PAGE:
Cycle of Violence and Abuse and How to Break the Cycle of Abuse

Here’s how to break the cycle of abuse and cycle of violence. Learn about the domestic violence cycle and the power and control wheel of domestic violence.

A common cycle of abuse begins to take hold once domestic violence starts in a relationship. Your partner apologizes, you lower your guard, and over time, the violence rears its ugly head once again. Understanding the signs of domestic violence and causes of domestic abuse are crucial to breaking this domestic violence cycle. (Wondering "Am I in the cycle of violence? Take the Domestic Violence Test)

Taking the First Spin Around the Cycle of Violence

"That slap across my face was just a one-time thing," you think, completely oblivious to the cycle of violence that has just entered your life. The first physical assault may shock you, but most victims will accept their abuser's apologies and excuses, easily setting the stage for a cycle of abuse to flourish.

Early signs of impending domestic violence center around your abuser spouting out insults, preventing you from talking to family or friends, and controlling every aspect of your life -- from how you spend your money to what food you eat. Watch for major red flags like your partner showing an angry side when drunk, regularly acting jealous and possessive of you, and even threatening to hurt you. Stay vigilant so you'll notice these signs, and ready yourself to end the relationship, when violence enters the picture.

How Does the Domestic Violence Cycle Work?

The basic parts of a domestic violence cycle see an abuser threaten violence, strike his victim, apologize, and promise to change, before starting the cycle all over again. To break it down even more, simply take a look at a standard cycle of abuse wheel. The abuse begins with a slap, punch, kick or some other violent action, all intended to show the victim exactly who's in charge.

Yes, at its core, domestic violence is a power play. The violent act is followed up by guilt, not for hurting you but merely for the chance of being caught and punished for his actions. This guilt leads to the domestic abuser making rational excuses for what he's done. Stress. Drinking. Miscommunication. He'll come up with any and every excuse for his actions to avoid actually taking responsibility. Next, in the power and control wheel, domestic violence takes a backseat while the abuser moves on as if nothing happened.

Getting the relationship back on track is key to him, as the abuser will act as normal as he can, showering the victim with gifts, attention, and anything else he can muster up to make her forget his actions and believe that he truly has changed. Unfortunately, the victim thinks he's the most sincere during this time. While she's letting her guard down and moving on with the relationship, the abuser may secretly dream about hurting her again and begin plotting his next violent act. The final step in the domestic violence cycle occurs when the abuser sets up the victim to create a scenario where he's completely justified in hurting her.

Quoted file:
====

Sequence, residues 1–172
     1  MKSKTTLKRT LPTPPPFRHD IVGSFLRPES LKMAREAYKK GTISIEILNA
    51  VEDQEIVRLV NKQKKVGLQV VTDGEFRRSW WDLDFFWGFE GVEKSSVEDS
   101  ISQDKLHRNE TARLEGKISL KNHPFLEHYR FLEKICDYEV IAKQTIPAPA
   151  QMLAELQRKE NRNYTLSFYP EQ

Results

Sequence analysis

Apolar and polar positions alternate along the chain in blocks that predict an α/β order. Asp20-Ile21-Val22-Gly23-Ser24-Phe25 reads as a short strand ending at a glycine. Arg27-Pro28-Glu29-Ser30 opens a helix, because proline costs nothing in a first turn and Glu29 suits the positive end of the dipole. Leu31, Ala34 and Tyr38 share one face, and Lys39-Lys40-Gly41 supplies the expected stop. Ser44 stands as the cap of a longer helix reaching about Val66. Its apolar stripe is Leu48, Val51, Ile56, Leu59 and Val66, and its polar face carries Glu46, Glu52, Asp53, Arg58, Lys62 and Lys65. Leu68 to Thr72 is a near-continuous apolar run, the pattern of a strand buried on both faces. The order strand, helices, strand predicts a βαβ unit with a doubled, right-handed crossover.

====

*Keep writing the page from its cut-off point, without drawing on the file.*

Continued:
Breaking the Cycle of Abuse Takes Strength

The most difficult part of a violent relationship is breaking the cycle of abuse. The constant apologies and remorse from your partner can make it extremely tough to sever things and go your separate ways. He's apologized so many times. He bought you roses, made a really romantic dinner and even wrote a beautiful love poem. "He's not a violent man," you think. "There's no way he'd hurt me again." But sure enough, he'll go through the same motions again, bringing the cycle of violence full circle.

The longer you stay in this dangerous abusive relationship, the more violent he will become and the tougher it will be for you end things. You'll quickly find yourself getting more depressed and nervous, and you may even start believing his lies, thinking his violent actions are justified and you do deserve it.

Whether you've been hit once or you've been carrying the physical and mental scars of abuse for years, the first step in ending abuse comes down to one thing: tell someone. Talk to a neighbor, a friend, a relative, anyone who will listen – including the National Domestic Violence Hotline. Be strong and get your story told. Whether you decide to end your relationship or not, you can get the help you need to move on, breaking the cycle of abuse.

There is never any excuse for domestic abuse. None. But all too often, women fall victim to it. Not wanting to believe their partner is truly violent, they look past the first punch, keeping the abuse cycle going in full swing. By being observant, strong, and communicative, breaking the cycle of violence is possible, enabling women to move on with their lives.

article references

APA Reference
Gluck, S. (2021, December 17). Cycle of Violence and Abuse and How to Break the Cycle of Abuse, HealthyPlace. Retrieved on 2024, July 24 from

Last Updated: December 31, 2021

Medically reviewed by Harry Croft, MD

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